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The golden means

Submitted by on 1, June 3, 2009 – 5:55 amOne Comment

The city’s blue-ribbon Fiscal Sustainability Committee has finally released its long-range financial forecast for the Island.

I have to apologize that I didn’t have the stamina to read the 71-page report when I finally got it at 6:30 last night (just as the school district’s discussion about turning the whole danged district charter got started). But I did catch City Treasurer and committee chief Kevin Kennedy’s presentation at the council meeting Tuesday.

Apparently, we are spending more money than we have on things like libraries, parks and police (and their pensions). If we keep doing this, we will have a really, really big budget deficit. We have two options for dealing with this problem, to wit:

1. Spend less.

2. Bring in more money.

“The choices we have are cut, or raise revenues. Those are our only two choices, really,” Council member Frank Matarrese said.

On the “spend less” front, Kennedy said that even if we shut our libraries, left our parks to weed & seed and canned our entire city administration, we still wouldn’t be able to save ourselves from budget deficits, based on current assumptions.

As far as bringing in more money, we’d need a parcel tax of $1,338 per – or 62 big-box stores – to keep ourselves afloat with current service levels.

From what I could gather from the presentation, pensions and benefits are a big chunk of the city’s growing costs. Meanwhile, we are not even coming close to making our city-set reserve requirements or properly maintaining our city-owned vehicles, equipment, streets or sewer.

Somehow, Kennedy said, we need to come up with the money up front to fill our reserve, maintain our city stuff and prepay our pension and benefit obligations, in order to save money in the future. (Or the not-so-distant future: Apparently, nearly half the city’s employees are eligible to retire sometime in the next five years.) And we can’t really rely on and upward swing in the economy to save us, because it won’t make that big of a difference in our situation.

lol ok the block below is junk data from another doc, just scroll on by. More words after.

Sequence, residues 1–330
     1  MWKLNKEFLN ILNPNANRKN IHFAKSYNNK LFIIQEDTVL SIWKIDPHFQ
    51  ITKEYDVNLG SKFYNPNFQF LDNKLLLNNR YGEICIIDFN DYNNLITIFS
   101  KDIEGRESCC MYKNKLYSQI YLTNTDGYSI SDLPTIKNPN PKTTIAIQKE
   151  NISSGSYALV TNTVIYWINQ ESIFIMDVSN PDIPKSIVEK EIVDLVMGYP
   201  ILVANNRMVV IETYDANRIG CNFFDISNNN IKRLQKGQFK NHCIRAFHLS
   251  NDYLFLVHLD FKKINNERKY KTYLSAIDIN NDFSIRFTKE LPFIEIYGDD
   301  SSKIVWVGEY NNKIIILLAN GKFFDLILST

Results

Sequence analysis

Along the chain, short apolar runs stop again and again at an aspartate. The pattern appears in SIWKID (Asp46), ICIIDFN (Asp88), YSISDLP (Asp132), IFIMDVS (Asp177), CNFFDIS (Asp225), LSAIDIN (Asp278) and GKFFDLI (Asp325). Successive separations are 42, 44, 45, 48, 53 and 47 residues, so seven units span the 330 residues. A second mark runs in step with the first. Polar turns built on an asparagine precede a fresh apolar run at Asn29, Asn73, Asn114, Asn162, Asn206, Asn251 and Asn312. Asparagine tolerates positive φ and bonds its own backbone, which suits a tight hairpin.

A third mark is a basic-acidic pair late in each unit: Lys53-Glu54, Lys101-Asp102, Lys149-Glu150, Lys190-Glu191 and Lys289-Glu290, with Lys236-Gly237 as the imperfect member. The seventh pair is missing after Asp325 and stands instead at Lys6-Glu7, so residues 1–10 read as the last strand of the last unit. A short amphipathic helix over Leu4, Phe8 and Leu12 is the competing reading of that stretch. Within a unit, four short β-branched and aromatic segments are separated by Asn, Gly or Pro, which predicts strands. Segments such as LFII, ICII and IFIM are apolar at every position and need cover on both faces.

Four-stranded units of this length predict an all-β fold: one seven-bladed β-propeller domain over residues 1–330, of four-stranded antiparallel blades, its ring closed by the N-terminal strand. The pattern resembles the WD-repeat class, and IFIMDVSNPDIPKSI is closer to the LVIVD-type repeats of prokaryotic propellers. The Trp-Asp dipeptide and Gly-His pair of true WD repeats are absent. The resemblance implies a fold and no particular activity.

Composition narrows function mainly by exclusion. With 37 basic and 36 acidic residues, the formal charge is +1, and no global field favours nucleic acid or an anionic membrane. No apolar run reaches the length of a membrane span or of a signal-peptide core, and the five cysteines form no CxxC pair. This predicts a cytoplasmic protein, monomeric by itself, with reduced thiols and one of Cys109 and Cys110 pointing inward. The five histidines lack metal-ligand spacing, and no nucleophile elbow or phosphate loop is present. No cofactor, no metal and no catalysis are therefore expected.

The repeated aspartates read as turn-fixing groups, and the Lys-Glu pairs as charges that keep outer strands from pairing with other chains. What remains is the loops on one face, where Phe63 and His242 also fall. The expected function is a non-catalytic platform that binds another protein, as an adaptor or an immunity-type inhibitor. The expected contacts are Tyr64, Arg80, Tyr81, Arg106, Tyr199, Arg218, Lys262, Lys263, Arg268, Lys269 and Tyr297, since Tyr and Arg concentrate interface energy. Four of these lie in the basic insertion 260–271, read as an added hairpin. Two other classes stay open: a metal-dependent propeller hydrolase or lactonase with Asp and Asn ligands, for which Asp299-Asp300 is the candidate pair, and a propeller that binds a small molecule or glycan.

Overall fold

The committee will host a series of public forums on their report, dates to come. And the council is due to consider a budget for the coming year, later this month.

One Comment »

  • Barbara Thomas says:

    So, “even if we shut our libraries, left our parks to weed & seed and canned our entire city administration, we still wouldn’t be able to save ourselves from budget deficits, based on current assumptions.”

    Does anyone sense that David Howard’s bankruptcy prediction was that far off in the future?

    Apparently the Council just put its head in the sand in denial. Are the pensions we pay past employees, keeping us from paying current workers? If so we may have no choice but to revisit that issue in bankruptcy. How will bankruptcy affect the Alameda Point Development Agreement? Can a receiver negate any of the commitments that the Initiative attempts to impose? Can we get the money back from Kurita?

    The City used to have one City Attorney and now has an entire staff or gaggle of attorneys. What if anything do they do except pay out money on lawsuits?

    One used to be able to go to City Hall and look at the building permits and related documents for one’s home. Now one has to sit down with a City Employee and fill out a Public Records Act request to get information. Then after 10 work days, the employees call and deny that they have any of the information that you requested. No one seems to know anything at the City any more. No one knows anything, No one actually does anything except police and fire, the librarians, and parks people and the City Clerk who prints up the nonsense that the rest of the City administration put together to talk about at meetings in between awarding certificates and making proclamations. We should really start with laying them off first. Then we won’t have anyone who actually does anything that can be measured in terms of work product.

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